“I just wanted to get money for next year in the revenue stream going, so we can pay the bills when we are shut down and we have this payroll,” Portnoy said. “Without that, this deal probably never gets offered.”
The deal was so great in Portnoy’s eyes that he assumed they would sign it right there. He was stunned when they simply walked away, claiming they needed time to think.
The last episode made by Franklin and Cooper was on April 8 and they haven’t posted a new episode since. They mentioned on their socials that they legally cannot speak about it, stating that they will update everyone soon. Listeners later learned from Portnoy that the duo were, in fact, free to talk about it. Instead, Franklin and Cooper were using this time to discuss their next moves in leaving Barstool Sports, suspectedly for the podcast network, Wondery.
The podcast’s faithful followers, or “The Daddy Gang,” began trending the hashtag #FreeTheFathers because they thought they may have been silenced by Barstool Sports during the pandemic. “The Fathers” were implied to be Franklin and Cooper.
Barstool Sports tried anonymously selling #FreeTheFathers merchandise to make some extra money, exploiting the fact that the Daddy Gang believed that Cooper and Franklyn needed to be saved. Portnoy said that Cooper and Franklyn were in on it, and it wasn’t very successful in recouping their lost revenue from failing to post for six weeks.
Franklyn posted a response on her personal Instagram story on May 19 regarding “Daddy Speaks,” which was posted two days prior on the “Call Her Daddy” channel. She announced that she was going to speak out about her side of the story and started by apologizing for the way Cooper and herself went about shopping around for other contract deals.
“We could’ve handled it differently, but we still wanted to work something out with Barstool, hence the meeting with [Portnoy],” Franklin said.
She then addressed her relations with Cooper during this fiasco of internet drama.
“I found out that [Cooper] had gone behind my back and done something,” Franklyn said. “And I found out it wasn’t the first time. And that’s why we are here.”
That something was Cooper negotiating a new contract with Barstool without Franklyn, obtaining 75% of the contract that would have been split 50/50 between both Franklyn and Cooper.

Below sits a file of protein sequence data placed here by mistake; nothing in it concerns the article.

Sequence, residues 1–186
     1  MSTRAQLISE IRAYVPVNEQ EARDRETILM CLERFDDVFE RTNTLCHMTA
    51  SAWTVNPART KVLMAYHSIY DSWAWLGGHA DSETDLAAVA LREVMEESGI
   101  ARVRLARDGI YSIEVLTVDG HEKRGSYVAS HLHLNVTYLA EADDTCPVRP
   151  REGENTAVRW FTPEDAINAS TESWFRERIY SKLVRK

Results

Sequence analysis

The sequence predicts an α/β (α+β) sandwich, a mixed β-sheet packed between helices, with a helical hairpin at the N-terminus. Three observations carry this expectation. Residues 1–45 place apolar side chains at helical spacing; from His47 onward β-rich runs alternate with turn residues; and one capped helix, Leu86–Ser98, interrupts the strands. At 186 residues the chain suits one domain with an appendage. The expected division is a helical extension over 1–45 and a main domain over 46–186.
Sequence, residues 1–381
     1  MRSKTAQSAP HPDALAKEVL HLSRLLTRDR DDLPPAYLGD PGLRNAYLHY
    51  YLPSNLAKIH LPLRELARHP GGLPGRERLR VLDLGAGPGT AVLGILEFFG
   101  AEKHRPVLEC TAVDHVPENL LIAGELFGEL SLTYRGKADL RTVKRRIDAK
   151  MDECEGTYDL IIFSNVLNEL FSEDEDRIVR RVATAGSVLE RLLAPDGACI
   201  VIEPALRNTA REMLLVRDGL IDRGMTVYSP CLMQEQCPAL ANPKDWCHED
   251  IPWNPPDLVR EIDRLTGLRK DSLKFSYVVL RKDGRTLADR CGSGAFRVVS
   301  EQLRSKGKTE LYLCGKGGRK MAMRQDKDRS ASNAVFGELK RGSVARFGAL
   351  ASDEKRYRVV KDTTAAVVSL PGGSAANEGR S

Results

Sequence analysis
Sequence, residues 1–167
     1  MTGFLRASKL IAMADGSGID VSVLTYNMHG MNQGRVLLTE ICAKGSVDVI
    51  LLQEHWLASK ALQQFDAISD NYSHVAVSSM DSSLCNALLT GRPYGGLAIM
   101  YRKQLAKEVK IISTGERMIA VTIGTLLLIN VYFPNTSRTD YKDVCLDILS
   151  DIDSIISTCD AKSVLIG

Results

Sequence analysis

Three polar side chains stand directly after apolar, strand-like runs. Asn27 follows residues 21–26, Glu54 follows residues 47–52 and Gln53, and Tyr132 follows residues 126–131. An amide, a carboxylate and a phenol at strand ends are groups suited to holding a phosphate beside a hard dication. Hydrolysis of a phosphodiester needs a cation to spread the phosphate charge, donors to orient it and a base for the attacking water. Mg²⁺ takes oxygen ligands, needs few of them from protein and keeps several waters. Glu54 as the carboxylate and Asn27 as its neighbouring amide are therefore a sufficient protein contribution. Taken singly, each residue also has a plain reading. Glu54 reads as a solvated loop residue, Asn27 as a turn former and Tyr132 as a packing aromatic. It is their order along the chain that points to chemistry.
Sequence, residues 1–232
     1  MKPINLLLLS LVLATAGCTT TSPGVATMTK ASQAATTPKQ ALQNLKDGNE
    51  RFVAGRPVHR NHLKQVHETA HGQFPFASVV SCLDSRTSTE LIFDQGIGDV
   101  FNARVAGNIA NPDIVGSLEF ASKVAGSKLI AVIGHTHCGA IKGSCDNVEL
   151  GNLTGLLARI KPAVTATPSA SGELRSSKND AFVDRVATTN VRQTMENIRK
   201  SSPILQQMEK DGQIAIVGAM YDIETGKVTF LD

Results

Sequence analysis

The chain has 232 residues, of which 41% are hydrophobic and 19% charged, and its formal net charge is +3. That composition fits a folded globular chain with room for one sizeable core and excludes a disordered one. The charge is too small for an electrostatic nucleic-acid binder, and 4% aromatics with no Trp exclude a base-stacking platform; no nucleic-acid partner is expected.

“I think she was like in her mind, she believes ‘I do all the editing, I do all the work, I do most of it, I should get 75% no matter what,’” Portnoy said.
Portnoy believes that the other deal that Franklyn’s boyfriend lined up with Wondery fell through when they heard that Cooper was not leaving Barstool Sports. Franklyn then attempted to return to Barstool, only to find that her original contract was no longer there. Cooper had already renegotiated without her.
“It was too late,” Portnoy said. “The 50/50 deal, [Cooper] didn’t want to do it anymore.”
Franklyn feels betrayed, but mentioned on her story that Cooper is her best friend and that does not change overnight.
She continues to say that she is willing to do “Call Her Daddy” but not in the conditions that Cooper is asking for.
“I don’t want to be her employee, we are partners, we’ve always been that way, we’ve always been 50/50,” Franklyn said.
Cooper has not posted, reposted or said anything regarding either Portnoy or Franklyn’s statements.
Portnoy responded to Franklyn’s post with an “emergency press conference” on IGTV where he reiterated his previous statements. Portnoy has also been raiding the “Call Her Daddy” socials — Instagram and Twitter — with trolling posts, from memes about “Suitman” to videos asking people, specifically girls, to send audition clips for their own podcasts.
If you want to join in on this social media war, consider buying the new “cancel suitman” merchandise just posted to Barstool Sports’ website, or follow the drama by following those involved on their personal social media accounts.
If Cooper signs a contract to return to Barstool Sports without Franklyn, the podcast will undergo major changes. However, it may cause the podcast to blow up more than ever before. Franklyn may be taking a man’s side over her best friend’s, but with the “Call Her Daddy” name circulating throughout the media, this week’s antics embody the spirit of the podcast that the Daddy Gang currently misses: scandal, drama, entertainment and comedy.
Christina Reyes is a Sports Co-Editor. She can be reached at email@example.com.